Note: I am reviewing the reissue.
This is an engaging, thought-provoking and highly readable discussion about taste, what it is, and the philosophical and practical issues inherent in taste.
I have rarely read such a readable book that discusses deep philosophical issues. Yes, there are plenty of pop philosophy books out there, but rare is there one that manages to achieve a high level of sophistication (and introspection, in this case) with readability.
Wilson asks himself the kinds of questions I have been asking myself for a long time: can (good or bad) taste be objective? is my taste completely the product of my upbringing and culture and, if so, can it be defended as anything other than accidental? His discussion of these and other questions is entertaining, edifying and hits me on a very personal level. (I have long struggled with “guilty pleasures” I thought I wasn’t supposed to like but liked anyway, among very other things.)
It is, hands down, the best book I have read about the subject of taste within popular culture. I will be thinking about it for a long time and I am thinking about buying the book so I can re-read it in the future, to see if I change my mind in terms of the extent to which I agree with Wilson. (I don’t entirely agree, as I think we can come up with semi-objective if not entirely objective ideas about artistic genius, but I understand where he’s coming from and I struggle with the same ideas he does.)
This edition contains a series of responses to the book, in the form of a series of “essays,” running the gamut from a playlist to very thoughtful philosophical responses. Unfortunately, I feel like the essays are as hit as they are miss. The responses by the most famous people are self-congratulatory and barely concerned with the topic of the book. Some of the other responders seem like they read (or only remember) one very small part, and want to spend their time on that one thing.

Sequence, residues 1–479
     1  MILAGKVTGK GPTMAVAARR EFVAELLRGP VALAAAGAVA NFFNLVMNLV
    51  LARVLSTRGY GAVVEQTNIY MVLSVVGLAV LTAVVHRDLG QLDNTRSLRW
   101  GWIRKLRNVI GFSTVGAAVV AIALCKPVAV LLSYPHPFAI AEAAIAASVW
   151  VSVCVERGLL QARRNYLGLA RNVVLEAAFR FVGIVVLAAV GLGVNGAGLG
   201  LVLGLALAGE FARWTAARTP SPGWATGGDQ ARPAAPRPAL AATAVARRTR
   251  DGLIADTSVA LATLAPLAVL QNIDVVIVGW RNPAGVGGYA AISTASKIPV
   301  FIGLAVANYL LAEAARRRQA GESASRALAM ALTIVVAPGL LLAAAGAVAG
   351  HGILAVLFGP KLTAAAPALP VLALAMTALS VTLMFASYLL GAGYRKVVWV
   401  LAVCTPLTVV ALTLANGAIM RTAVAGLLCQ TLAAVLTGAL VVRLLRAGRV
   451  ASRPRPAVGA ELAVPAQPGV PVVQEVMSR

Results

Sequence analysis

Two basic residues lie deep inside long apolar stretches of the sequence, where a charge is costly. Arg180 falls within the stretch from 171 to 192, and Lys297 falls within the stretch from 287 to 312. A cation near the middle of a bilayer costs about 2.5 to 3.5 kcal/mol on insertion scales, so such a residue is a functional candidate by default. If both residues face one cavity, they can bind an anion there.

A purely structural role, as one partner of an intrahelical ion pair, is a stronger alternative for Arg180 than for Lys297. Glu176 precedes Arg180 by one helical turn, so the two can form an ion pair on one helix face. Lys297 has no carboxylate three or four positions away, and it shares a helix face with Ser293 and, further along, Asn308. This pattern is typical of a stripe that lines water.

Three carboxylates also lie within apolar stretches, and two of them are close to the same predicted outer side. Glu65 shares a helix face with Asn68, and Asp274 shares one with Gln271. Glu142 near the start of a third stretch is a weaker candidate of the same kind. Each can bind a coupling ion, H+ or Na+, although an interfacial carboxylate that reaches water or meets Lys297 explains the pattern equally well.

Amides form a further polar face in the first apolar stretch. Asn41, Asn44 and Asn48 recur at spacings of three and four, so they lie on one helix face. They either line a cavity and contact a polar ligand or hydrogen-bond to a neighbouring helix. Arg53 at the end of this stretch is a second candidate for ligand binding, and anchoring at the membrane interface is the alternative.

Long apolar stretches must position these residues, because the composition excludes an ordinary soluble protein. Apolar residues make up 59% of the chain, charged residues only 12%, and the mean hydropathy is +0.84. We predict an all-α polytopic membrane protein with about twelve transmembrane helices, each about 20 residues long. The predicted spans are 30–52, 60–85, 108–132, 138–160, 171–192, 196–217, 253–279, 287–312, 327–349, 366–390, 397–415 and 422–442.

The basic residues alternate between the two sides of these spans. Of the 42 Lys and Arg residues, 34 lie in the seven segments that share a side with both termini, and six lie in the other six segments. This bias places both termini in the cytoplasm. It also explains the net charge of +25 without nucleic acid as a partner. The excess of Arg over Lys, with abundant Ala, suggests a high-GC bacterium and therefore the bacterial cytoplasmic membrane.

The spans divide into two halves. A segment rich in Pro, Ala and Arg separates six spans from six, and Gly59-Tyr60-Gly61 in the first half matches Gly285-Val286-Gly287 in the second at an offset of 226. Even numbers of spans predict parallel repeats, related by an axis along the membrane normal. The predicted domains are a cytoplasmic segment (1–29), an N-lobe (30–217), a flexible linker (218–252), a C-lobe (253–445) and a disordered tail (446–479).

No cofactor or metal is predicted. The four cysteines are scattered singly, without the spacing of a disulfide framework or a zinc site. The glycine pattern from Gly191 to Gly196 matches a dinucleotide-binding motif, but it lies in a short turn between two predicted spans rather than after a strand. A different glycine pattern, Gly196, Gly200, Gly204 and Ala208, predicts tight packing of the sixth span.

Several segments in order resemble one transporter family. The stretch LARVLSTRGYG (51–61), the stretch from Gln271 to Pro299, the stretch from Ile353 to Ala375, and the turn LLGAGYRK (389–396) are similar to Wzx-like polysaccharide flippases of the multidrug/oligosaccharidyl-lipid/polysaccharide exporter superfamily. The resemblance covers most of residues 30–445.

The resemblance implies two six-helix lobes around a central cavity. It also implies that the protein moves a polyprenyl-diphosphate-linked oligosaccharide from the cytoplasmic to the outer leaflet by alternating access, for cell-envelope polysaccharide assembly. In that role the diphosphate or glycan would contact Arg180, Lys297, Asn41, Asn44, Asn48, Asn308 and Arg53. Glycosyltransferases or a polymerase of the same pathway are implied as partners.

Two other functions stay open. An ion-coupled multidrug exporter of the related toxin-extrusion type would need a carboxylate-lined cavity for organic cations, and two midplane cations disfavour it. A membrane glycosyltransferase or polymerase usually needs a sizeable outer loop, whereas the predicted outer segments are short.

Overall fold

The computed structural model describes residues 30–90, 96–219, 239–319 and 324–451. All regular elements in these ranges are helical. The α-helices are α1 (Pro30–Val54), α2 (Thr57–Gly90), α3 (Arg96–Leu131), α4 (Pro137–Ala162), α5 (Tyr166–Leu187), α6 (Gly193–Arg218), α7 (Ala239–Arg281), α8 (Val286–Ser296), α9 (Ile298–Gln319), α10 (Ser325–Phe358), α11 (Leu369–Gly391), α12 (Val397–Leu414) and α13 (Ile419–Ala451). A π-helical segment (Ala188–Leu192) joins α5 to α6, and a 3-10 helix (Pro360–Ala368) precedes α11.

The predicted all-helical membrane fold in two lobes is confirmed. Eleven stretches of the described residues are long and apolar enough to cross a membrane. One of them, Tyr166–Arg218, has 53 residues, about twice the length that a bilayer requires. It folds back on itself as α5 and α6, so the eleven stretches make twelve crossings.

That being said, a few of them are very interesting and thoughtful, even a couple that stray away from the idea of “taste” in art, and into wider social issues.
But I can’t say that I recommend this book because of the responses, as they are too varied.
But read the book itself. Very, very worth your time if you have any interest at all in art or popular culture, or the more specific subject of the book, Celine Dion.
Wilson mentions something called “rockism” in the book, which is, apparently, the bias of music critics towards rock music. Apparently the idea was introduced some years ago but I missed it.
Well, I am a rockist. I have viewed much popular music through the lens of rock, and that lens devalues pop music, hip hop, electronica, dance and likely numerous other things. I am a rockist because I grew up listening to Oldies and, when I graduated from that, I went straight into Classic Rock. For much of my formative years, much of the music I listened to was made by people with electric guitars. Moreover, it was made almost exclusively by men with electric guitars.
I don’t know if I can ever fully overcome my rockism, given it’s part of who I am. But, in my defense, I am also a jazzist, and a classicist, and I like to think that this love and knowledge informs my experience and judgment of non-rock music. Also, for most of my adult life, I have spent at least some time looking into various folk musics (and one “classical”) outside of these traditions, but which now inform our popular music, so I believe that this experience also informs my rockism.
So I may be a rockist but, at least, I’m a pluralistic/omnivoristic rockist?